The Bright Side of Winter

Artists draw audiences to evenings of music and storytelling.
A performance by Buzzirique, featuring Steve Diedrich, Ryan Williams and John Hewitt, with special guest Sara Diedrich.

Plunging mercury and towering snow piles are the co-parents of invention, especially when winter nights stretch longer than our imaginations. A remedy to cure an ailing spirit is offered at Morningside After Dark (MADark), music and storytelling events, which are held in January, February and April in the basement of Edina Morningside Community Church.

“It’s been wildly successful for reasons that make us very happy,” co-organizer and University of St. Thomas English instructor Laurie Lindeen says, adding that about 200 audience members gather to watch a total of 14 three- to five-minute music and spoken word sets. “It’s a great showcase.”

Each monthly performance includes a theme, which performers are asked to fold into their music, story or poetry. Acts alternate between music and the spoken word. Outside of that, organizers are hands off when it comes to directing the show. “The highlight comes in the surprise in how well it comes together,” Lindeen says. “It’s always fabulous in how it plays out.”

The beauty in MADark is not only in what is performed but who takes the stage. “We love to open it up to adult garage bands,” co-organizer Rebecca Sorensen says. “Some people joke it’s like an adult talent show.” There are some unsuspecting performers, too—the closet poet or the quiet songstress. “We give them an audience and a stage to make themselves vulnerable,” Sorenson says. She hopes audience members feel compelled to share their artistry, too. “Maybe it will be their turn next,” she says. “We want it to feel accessible to everyone there.”

Seasoned performers also join the sets. Sorensen says past performers have included reggae artist Ryan Liestman and writers Lorna Landvik and Joan Steffend. Katy Vernon, singer, songwriter and ukuleleist, felt a bit out of her comfort zone two years ago, when she first participated in MADark. She was concerned that the one-and-done format wouldn’t foster an audience-performer connection. She was wrong. “It’s one of the best listening environments,” Vernon says. “The reason I get up to perform is to connect with people.” She also relishes the synergy that is created among performers and their material choices. During one evening, the night’s theme was love, and Vernon was prepared to perform “Loving You,” which was inspired by the Replacements’ Slim Dunlap, who had suffered a stroke. As she waited backstage, she heard spoken performances touching on a writer’s connection with a late father and another author’s story of his wife’s cancer battle. “I felt very connected as a writer,” she recalls, noting how her song organically overlapped the other performances. “As a songwriter, that was a gift,” she says.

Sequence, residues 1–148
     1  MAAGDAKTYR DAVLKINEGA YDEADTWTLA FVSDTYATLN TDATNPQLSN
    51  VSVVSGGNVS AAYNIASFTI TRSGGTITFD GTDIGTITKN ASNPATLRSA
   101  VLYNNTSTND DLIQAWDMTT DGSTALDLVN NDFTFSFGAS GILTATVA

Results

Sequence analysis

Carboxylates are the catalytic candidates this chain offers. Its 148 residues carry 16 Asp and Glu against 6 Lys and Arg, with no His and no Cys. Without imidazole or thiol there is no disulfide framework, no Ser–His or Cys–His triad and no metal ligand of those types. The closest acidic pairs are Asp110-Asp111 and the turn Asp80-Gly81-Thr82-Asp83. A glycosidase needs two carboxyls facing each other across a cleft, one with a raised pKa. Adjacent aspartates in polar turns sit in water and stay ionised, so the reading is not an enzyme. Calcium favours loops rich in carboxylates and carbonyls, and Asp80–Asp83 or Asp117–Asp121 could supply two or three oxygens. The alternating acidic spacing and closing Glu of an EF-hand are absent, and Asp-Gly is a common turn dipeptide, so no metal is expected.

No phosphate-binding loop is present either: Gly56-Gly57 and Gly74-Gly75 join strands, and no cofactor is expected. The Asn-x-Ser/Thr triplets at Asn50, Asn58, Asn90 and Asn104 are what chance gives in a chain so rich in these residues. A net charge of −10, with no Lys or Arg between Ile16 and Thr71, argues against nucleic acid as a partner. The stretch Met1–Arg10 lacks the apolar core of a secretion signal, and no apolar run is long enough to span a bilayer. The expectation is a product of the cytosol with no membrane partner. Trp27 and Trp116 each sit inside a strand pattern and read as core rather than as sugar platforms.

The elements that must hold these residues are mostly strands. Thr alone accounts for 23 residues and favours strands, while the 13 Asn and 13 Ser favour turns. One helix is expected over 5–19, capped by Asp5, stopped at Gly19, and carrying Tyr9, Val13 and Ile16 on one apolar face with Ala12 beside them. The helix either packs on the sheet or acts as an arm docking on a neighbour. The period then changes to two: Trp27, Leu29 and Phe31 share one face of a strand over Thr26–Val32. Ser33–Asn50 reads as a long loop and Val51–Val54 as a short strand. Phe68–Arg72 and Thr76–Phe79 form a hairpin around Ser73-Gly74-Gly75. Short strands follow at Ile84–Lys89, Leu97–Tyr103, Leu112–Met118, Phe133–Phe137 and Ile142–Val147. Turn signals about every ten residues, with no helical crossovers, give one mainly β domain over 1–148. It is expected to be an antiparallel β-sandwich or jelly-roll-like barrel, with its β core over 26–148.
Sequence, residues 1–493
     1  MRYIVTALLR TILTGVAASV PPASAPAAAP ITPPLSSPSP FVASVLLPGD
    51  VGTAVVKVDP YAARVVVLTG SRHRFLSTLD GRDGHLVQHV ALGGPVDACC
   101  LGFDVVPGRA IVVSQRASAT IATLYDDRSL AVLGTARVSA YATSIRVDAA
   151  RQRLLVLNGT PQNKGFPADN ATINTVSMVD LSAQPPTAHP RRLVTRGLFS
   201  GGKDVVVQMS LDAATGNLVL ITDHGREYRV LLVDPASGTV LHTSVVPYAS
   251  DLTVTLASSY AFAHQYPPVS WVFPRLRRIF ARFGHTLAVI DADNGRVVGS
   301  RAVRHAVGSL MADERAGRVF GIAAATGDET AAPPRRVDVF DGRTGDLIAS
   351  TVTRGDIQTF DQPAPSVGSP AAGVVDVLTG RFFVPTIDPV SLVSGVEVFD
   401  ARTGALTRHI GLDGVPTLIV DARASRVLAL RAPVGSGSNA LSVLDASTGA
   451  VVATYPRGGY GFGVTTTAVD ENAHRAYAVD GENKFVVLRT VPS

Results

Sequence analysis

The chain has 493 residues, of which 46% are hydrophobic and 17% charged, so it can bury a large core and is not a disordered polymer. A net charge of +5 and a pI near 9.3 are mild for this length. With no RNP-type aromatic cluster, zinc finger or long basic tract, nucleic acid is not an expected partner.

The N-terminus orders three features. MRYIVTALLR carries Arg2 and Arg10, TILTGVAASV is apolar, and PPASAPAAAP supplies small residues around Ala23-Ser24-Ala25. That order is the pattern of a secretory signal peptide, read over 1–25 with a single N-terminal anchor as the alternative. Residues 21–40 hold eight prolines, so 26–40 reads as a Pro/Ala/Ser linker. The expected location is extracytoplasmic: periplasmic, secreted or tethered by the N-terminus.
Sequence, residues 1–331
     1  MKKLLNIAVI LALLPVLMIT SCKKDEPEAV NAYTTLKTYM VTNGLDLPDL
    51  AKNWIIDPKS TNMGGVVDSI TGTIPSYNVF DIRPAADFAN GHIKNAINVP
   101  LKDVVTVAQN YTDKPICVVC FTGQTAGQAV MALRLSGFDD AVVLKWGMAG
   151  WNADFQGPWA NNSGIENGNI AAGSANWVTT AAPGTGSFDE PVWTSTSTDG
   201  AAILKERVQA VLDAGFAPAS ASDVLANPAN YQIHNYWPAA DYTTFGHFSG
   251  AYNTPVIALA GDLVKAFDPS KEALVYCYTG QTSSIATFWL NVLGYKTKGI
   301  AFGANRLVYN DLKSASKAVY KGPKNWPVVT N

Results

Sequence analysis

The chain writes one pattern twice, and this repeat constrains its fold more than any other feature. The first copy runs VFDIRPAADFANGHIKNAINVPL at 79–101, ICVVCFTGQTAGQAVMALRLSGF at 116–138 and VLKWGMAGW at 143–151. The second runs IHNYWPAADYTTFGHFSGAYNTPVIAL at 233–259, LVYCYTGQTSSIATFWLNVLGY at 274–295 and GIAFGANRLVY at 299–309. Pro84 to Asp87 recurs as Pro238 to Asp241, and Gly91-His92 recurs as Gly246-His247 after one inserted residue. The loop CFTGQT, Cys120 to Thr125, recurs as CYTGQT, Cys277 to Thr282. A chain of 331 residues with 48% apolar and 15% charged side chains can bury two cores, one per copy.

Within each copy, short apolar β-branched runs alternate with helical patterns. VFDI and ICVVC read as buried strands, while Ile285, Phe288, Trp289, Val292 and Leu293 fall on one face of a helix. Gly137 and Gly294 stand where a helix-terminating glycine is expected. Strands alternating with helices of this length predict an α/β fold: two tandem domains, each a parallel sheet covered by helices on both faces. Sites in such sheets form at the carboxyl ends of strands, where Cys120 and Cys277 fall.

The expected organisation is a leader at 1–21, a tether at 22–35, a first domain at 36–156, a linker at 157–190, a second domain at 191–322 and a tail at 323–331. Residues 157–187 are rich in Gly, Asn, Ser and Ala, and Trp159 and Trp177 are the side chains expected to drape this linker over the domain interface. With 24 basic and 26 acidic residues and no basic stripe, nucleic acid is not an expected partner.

Sorensen brought the idea for MADark from New York City, where she attended similar events. Referring to the Morningside neighborhood as “the West Village of Edina,” she recalls thinking, “There is so much talent imbedded in the neighborhood. [The event] could be a really great way for people to gather and get out of hibernation.” The events began in 2013 at the hands of Sorensen, Lindeen and Jim Mahoney, dean at the Blake School.

Caribou Coffee provides beverages, and local professional and neighborhood bakers share their sweet offerings with patrons. Local businesses donate gifts for performers. While the event is free to the public, Sorensen says a free will offering is encouraged. Funds are given to the church to help defray utility costs.

MADark’s success has resulted in offers to move the event to other locations, but Sorensen is content to stay put. She says the performers enjoy the smaller venue because it allows the audience to really absorb their artistry. “These performers feel so appreciated,” she says. The intimacy of the setting and the infusion of local talent seems to draw audience members in tighter. “When you walk out of the event, you feel more connected to your community,” Sorensen says.

For additional information, call 612.968.0772 or visit the website here. MADark will be presented from 7:30-9 p.m. on January 25, February 22 and April 25 in the Edina Morningside Community Church basement, 4201 Morningside Road.